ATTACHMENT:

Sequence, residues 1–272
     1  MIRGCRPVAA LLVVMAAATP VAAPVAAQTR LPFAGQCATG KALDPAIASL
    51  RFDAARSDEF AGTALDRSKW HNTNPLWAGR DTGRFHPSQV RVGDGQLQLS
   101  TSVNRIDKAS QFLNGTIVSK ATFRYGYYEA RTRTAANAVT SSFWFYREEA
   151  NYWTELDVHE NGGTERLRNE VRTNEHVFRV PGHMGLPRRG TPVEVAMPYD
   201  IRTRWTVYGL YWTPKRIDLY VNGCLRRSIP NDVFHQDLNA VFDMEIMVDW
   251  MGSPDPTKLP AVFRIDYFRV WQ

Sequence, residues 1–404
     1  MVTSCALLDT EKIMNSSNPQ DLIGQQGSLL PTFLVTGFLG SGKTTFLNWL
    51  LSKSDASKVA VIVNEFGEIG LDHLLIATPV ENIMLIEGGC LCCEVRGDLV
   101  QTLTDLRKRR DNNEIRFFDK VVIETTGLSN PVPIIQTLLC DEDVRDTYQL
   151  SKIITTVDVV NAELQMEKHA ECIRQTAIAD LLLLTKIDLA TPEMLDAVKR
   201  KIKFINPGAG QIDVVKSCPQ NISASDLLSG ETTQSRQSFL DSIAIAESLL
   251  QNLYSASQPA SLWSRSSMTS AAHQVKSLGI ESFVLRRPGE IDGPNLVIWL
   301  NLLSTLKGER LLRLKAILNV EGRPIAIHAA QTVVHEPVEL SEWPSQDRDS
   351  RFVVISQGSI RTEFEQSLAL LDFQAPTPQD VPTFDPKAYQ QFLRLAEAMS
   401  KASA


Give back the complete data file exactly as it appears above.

Sequence, residues 1–272
     1  MIRGCRPVAA LLVVMAAATP VAAPVAAQTR LPFAGQCATG KALDPAIASL
    51  RFDAARSDEF AGTALDRSKW HNTNPLWAGR DTGRFHPSQV RVGDGQLQLS
   101  TSVNRIDKAS QFLNGTIVSK ATFRYGYYEA RTRTAANAVT SSFWFYREEA
   151  NYWTELDVHE NGGTERLRNE VRTNEHVFRV PGHMGLPRRG TPVEVAMPYD
   201  IRTRWTVYGL YWTPKRIDLY VNGCLRRSIP NDVFHQDLNA VFDMEIMVDW
   251  MGSPDPTKLP AVFRIDYFRV WQ

Sequence, residues 1–404
     1  MVTSCALLDT EKIMNSSNPQ DLIGQQGSLL PTFLVTGFLG SGKTTFLNWL
    51  LSKSDASKVA VIVNEFGEIG LDHLLIATPV ENIMLIEGGC LCCEVRGDLV
   101  QTLTDLRKRR DNNEIRFFDK VVIETTGLSN PVPIIQTLLC DEDVRDTYQL
   151  SKIITTVDVV NAELQMEKHA ECIRQTAIAD LLLLTKIDLA TPEMLDAVKR
   201  KIKFINPGAG QIDVVKSCPQ NISASDLLSG ETTQSRQSFL DSIAIAESLL
   251  QNLYSASQPA SLWSRSSMTS AAHQVKSLGI ESFVLRRPGE IDGPNLVIWL
   301  NLLSTLKGER LLRLKAILNV EGRPIAIHAA QTVVHEPVEL SEWPSQDRDS
   351  RFVVISQGSI RTEFEQSLAL LDFQAPTPQD VPTFDPKAYQ QFLRLAEAMS
   401  KASA